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Everything You Need to Know About Miscarriage


Having a healthy pregnancy is top of mind for most women who become pregnant, and the thought of having a miscarriage can be scary and overwhelming. As many as 50% of all pregnancies end in miscarriage—usually before a missed menstrual period. And, about 1 in 4 recognized pregnancies end in a miscarriage.

If you are pregnant, it’s important to understand what a miscarriage is, why it happens, and what can increase your risk.

What is a miscarriage?

Miscarriage is the loss of a pregnancy due to natural causes during the first twenty weeks of pregnancy. Many miscarriages happen when the fetus has trouble developing normally. You may hear your doctor refer to miscarriage as “spontaneous abortion,” as this is the proper medical term.

Is miscarriage common?

About 10 to 25 percent of known pregnancies end in miscarriage. The exact statistics can vary depending what source you reference. It’s important to understand that most miscarriages take place early in a pregnancy. Nearly 80% occur in the first 12 weeks of pregnancy, and many times, the miscarriage can occur before a woman even realizes she is pregnant.

What are some of the signs of a miscarriage?

Common signs include abdominal pain or cramping, vaginal spotting or bleeding, back pain, weight loss, feeling light-headed, and tissue or fluid passing from the vagina. Keep in mind that vaginal spotting is common in the first trimester—if you happen to notice spotting in the early months of your pregnancy, this doesn’t mean you are experiencing a miscarriage. That said, it’s still important to get in touch with your doctor if you experience any of these symptoms.

This is especially true if you notice that tissue is being passed from your vagina. If this happens, Mayo Clinic recommends storing it in a clean container and bringing it to the hospital or your doctor so they can take a closer look.

Why does a miscarriage happen?

A miscarriage can happen for many different reasons. Some of the most common causes include an abnormally shaped womb, polycystic ovary syndrome (PCOS), a weak cervix that opens too early in the pregnancy, problems with placenta development, and when the fertilized egg doesn’t have the correct number of chromosomes.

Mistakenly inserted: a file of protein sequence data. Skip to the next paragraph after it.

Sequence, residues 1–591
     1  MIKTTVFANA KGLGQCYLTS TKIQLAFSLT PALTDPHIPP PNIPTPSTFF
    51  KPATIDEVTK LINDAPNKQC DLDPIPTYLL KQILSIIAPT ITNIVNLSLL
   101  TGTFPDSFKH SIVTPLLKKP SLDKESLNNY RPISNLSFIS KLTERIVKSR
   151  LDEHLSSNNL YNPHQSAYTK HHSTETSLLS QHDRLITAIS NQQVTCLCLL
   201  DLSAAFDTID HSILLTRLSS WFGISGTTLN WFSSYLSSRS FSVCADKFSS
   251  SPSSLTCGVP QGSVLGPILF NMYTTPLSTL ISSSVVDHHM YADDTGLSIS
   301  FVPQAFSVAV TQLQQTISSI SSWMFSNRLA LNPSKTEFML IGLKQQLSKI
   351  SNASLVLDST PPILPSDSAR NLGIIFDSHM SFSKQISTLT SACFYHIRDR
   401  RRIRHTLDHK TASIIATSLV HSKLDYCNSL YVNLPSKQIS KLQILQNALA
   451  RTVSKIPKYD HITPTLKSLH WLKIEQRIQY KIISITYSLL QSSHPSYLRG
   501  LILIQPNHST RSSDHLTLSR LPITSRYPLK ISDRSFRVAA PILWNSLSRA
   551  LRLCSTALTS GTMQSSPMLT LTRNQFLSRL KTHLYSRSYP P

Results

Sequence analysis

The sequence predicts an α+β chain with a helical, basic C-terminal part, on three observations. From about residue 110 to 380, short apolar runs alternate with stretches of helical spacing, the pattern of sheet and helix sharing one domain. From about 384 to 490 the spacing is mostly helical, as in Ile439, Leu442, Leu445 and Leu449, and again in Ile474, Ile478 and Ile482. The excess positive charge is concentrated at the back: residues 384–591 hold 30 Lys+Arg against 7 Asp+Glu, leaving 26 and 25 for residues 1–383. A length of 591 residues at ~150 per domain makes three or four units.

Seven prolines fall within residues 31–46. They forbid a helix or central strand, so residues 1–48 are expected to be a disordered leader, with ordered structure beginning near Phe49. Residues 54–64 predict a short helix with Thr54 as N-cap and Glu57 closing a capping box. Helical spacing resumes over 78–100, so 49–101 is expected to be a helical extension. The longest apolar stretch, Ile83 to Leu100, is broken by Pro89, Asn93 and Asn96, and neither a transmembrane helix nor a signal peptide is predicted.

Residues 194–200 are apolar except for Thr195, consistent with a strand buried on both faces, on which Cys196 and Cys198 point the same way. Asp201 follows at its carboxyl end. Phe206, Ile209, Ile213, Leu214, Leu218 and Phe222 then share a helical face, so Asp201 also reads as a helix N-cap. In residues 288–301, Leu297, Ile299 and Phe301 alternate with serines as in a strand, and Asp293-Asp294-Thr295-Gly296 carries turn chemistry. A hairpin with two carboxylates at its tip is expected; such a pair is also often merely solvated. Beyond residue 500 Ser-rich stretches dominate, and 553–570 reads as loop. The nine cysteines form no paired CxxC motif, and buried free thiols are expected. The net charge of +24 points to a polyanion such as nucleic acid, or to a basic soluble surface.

Factors that increase the risk of miscarriage

Here are some of the most common:

  • Age: After age 35, women are at a higher risk of miscarriage. At age 40 the risk is somewhere around 40%, and by age 45 the risk rises steeply to 80%.
  • Chronic conditions: If you have uncontrolled diabetes, kidney disease, or another chronic condition, you may be at a higher risk of miscarriage. It’s important to speak with your doctor about pregnancy-related risks if you suffer from any chronic conditions.
  • Cervical problems: If you suffer from an incompetent cervix (also known as a weakened cervix) or another uterine or cervical problem, you might be at higher risk of miscarriage.
  • Drug and alcohol use and smoking: All of these behaviors can increase your risk of miscarriage.
  • A history of miscarriage: If you’ve had more than one consecutive miscarriage in the past, you’re at higher risk of miscarriage.
  • Weight: If you’re underweight or overweight, you may be at a higher risk for miscarriage.

The impact of a miscarriage isn’t just physical

Many women experience grief and sadness following a miscarriage, and this is completely normal. Following a miscarriage, many women have reported feeling shame, guilt, loneliness, as if they had done something wrong, or as if they had lost a child. If you think it would be helpful to speak with someone about what you’re experiencing but you don’t already have a mental health expert you can see, ask your doctor if they can refer you to someone they trust.

If you would like to meet with a knowledgeable doctor, consider contacting Women’s Health Arizona. As Arizona’s largest ObGyn group, we’re trained and solely dedicated to delivering the best ObGyn experience in convenient and comfortable settings around Phoenix.

Click here to read Nicole’s Story: A Complicated Miscarriage.

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